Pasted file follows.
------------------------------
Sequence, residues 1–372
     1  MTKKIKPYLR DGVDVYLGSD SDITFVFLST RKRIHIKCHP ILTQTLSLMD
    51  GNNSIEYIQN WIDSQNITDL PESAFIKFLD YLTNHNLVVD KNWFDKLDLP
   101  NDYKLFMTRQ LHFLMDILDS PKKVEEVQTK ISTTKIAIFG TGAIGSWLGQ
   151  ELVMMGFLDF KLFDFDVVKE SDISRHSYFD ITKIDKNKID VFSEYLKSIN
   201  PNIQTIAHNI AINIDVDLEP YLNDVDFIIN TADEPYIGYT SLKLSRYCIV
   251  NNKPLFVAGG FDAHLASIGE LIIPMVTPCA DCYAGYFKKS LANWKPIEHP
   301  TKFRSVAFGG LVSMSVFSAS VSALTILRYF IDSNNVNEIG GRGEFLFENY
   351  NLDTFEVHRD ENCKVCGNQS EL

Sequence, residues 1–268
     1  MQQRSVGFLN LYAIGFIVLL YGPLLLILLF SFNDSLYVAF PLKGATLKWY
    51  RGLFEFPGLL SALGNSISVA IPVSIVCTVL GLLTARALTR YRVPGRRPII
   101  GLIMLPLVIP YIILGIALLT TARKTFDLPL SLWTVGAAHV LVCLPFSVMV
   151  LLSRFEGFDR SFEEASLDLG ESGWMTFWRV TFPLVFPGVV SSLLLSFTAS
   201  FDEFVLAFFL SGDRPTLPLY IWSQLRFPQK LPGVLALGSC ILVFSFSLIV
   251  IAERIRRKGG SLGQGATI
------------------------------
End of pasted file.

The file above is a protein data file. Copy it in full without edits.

Sequence, residues 1–372
     1  MTKKIKPYLR DGVDVYLGSD SDITFVFLST RKRIHIKCHP ILTQTLSLMD
    51  GNNSIEYIQN WIDSQNITDL PESAFIKFLD YLTNHNLVVD KNWFDKLDLP
   101  NDYKLFMTRQ LHFLMDILDS PKKVEEVQTK ISTTKIAIFG TGAIGSWLGQ
   151  ELVMMGFLDF KLFDFDVVKE SDISRHSYFD ITKIDKNKID VFSEYLKSIN
   201  PNIQTIAHNI AINIDVDLEP YLNDVDFIIN TADEPYIGYT SLKLSRYCIV
   251  NNKPLFVAGG FDAHLASIGE LIIPMVTPCA DCYAGYFKKS LANWKPIEHP
   301  TKFRSVAFGG LVSMSVFSAS VSALTILRYF IDSNNVNEIG GRGEFLFENY
   351  NLDTFEVHRD ENCKVCGNQS EL

Sequence, residues 1–268
     1  MQQRSVGFLN LYAIGFIVLL YGPLLLILLF SFNDSLYVAF PLKGATLKWY
    51  RGLFEFPGLL SALGNSISVA IPVSIVCTVL GLLTARALTR YRVPGRRPII
   101  GLIMLPLVIP YIILGIALLT TARKTFDLPL SLWTVGAAHV LVCLPFSVMV
   151  LLSRFEGFDR SFEEASLDLG ESGWMTFWRV TFPLVFPGVV SSLLLSFTAS
   201  FDEFVLAFFL SGDRPTLPLY IWSQLRFPQK LPGVLALGSC ILVFSFSLIV
   251  IAERIRRKGG SLGQGATI